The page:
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Trio of Trolley Enthusiasts Entertain Guests with Presentation on the Waynesboro Trolley System

In conjunction with their current museum display, “Our Waynesboro Transportation Heritage,” members of the Waynesboro Area Industrial Heritage Trust recently sponsored a presentation about the town’s trolley system, which operated during the first 32 years of the 20th century.

David McCarney, Ed Miller and Gordon Heidelbach presented “Do you Remember Riding the Trolley Through Town?” at the Waynesboro Industrial Museum on Tuesday, January 10. The three men have examined engineering maps and researched the route of the Chambersburg, Greencastle and Waynesboro Street Railway System, a popular method of transportation from 1900-1932.  Their presentation took attendees on a trip back in time, teaching them about the role the trolleys played in forming the history of Franklin County.

Waynesboro Teacher Visits the Museum to Speak on the “Pre-Explosion of Industry” in Local Area

The Waynesboro Industrial Museum was packed with visitors on Tuesday, October 11 when the Waynesboro Historical Society and the Waynesboro Industrial Heritage Trust co-sponsored a presentation by Darwin G. Seiler on the “Pre-Explosion of Industry in the Waynesboro Area.” Seiler addressed reasons for the emergence of industry in our area, specifically during the period of 1850 to 1865. He also spoke to the events that “set the stage,” enabling such industrial pioneers as Frick, Geiser and Landis to “hit the road running.”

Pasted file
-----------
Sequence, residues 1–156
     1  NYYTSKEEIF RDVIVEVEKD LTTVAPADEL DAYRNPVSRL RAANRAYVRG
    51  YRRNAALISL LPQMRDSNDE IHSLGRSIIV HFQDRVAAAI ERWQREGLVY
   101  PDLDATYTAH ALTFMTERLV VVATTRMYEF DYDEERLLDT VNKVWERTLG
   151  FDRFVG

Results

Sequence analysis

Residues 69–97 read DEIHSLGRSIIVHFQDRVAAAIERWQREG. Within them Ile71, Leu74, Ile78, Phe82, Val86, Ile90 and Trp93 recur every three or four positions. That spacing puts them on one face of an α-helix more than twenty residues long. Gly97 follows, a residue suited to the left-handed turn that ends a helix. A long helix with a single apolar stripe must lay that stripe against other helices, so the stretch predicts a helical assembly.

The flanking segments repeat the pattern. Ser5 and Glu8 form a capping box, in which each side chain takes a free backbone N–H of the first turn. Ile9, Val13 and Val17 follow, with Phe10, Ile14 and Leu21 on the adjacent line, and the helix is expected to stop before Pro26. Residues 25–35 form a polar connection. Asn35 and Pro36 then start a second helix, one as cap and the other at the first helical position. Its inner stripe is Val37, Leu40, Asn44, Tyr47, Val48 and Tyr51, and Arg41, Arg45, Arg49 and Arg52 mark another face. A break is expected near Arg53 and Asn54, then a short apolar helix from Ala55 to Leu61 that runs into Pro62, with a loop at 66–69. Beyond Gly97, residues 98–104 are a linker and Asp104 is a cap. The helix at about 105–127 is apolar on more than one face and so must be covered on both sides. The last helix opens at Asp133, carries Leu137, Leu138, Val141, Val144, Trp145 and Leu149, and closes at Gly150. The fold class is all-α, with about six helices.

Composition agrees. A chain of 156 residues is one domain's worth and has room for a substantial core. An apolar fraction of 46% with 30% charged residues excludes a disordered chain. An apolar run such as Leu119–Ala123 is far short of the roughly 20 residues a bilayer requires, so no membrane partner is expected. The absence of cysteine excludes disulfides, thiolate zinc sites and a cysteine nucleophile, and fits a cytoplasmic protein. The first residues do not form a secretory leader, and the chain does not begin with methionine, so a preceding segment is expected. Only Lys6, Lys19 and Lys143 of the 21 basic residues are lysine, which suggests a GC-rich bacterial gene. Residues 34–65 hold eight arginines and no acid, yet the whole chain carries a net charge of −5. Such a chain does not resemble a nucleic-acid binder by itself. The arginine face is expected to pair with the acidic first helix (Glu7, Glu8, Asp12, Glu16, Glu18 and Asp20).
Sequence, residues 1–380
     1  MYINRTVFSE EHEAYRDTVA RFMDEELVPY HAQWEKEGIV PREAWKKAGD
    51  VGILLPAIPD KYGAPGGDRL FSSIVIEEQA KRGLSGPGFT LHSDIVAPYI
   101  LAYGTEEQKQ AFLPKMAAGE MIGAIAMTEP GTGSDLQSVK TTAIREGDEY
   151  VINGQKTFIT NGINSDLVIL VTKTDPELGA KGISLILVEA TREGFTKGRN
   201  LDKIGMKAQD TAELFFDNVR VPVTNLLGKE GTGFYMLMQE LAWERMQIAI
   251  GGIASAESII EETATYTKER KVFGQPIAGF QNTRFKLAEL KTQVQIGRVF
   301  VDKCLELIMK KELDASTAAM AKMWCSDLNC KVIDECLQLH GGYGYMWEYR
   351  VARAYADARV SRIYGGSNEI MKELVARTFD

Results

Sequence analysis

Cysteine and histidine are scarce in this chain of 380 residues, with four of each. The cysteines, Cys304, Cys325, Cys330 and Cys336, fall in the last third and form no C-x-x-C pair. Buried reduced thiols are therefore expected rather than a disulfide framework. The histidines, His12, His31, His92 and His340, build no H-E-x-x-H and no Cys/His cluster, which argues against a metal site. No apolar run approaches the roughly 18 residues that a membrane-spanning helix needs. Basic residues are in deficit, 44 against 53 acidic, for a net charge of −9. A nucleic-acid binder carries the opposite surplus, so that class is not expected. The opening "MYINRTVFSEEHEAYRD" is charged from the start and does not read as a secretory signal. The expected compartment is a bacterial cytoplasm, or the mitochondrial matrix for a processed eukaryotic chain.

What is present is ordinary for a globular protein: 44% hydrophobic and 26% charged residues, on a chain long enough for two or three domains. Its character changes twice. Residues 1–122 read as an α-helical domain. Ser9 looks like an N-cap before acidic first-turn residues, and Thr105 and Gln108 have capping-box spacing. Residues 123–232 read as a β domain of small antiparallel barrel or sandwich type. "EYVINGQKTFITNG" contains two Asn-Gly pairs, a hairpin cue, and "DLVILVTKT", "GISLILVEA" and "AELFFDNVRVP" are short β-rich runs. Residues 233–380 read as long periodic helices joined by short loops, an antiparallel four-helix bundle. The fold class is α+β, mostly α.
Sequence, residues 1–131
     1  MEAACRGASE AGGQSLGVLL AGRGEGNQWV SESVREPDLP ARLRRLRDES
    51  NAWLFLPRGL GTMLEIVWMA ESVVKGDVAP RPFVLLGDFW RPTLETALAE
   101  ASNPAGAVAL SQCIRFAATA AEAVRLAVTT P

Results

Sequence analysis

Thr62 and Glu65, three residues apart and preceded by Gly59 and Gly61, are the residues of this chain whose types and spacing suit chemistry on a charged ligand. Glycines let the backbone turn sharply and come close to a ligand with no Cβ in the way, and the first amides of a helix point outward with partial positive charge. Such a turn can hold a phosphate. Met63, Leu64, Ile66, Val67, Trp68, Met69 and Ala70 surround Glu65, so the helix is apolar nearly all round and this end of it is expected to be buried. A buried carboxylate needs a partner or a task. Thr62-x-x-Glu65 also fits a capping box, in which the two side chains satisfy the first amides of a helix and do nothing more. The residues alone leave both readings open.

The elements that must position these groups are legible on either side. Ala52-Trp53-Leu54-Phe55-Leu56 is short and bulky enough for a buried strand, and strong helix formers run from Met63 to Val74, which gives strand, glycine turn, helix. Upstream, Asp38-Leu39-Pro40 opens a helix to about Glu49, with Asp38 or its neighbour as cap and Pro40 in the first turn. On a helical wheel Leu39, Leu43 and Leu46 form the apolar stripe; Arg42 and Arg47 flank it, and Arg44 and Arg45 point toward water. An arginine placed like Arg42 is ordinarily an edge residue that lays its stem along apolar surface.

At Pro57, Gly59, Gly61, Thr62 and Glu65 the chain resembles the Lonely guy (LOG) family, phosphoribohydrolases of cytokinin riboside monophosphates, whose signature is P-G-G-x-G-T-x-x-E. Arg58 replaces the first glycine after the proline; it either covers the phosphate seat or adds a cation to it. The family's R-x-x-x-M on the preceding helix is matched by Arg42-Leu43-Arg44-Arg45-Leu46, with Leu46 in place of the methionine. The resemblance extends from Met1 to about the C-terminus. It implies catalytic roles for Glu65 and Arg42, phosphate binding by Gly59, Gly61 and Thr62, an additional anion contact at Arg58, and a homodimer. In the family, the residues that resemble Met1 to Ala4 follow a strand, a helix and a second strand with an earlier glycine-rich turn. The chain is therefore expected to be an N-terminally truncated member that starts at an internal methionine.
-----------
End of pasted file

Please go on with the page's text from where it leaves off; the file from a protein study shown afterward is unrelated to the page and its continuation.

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During the evening, Jared Wagaman, one of Seiler’s former students, unveiled his “Senior Project,” a model depicting the “Industrial History of Waynesboro” from 1900-1945.  Wagaman was awarded an “A” for the project, which showed the geographical location of the Frick, Geiser, Landis Tool and Landis Machine Companies and also included an historical industry narrative.  The 20-year-old graduated from Waynesboro Area Senior High School in 2011.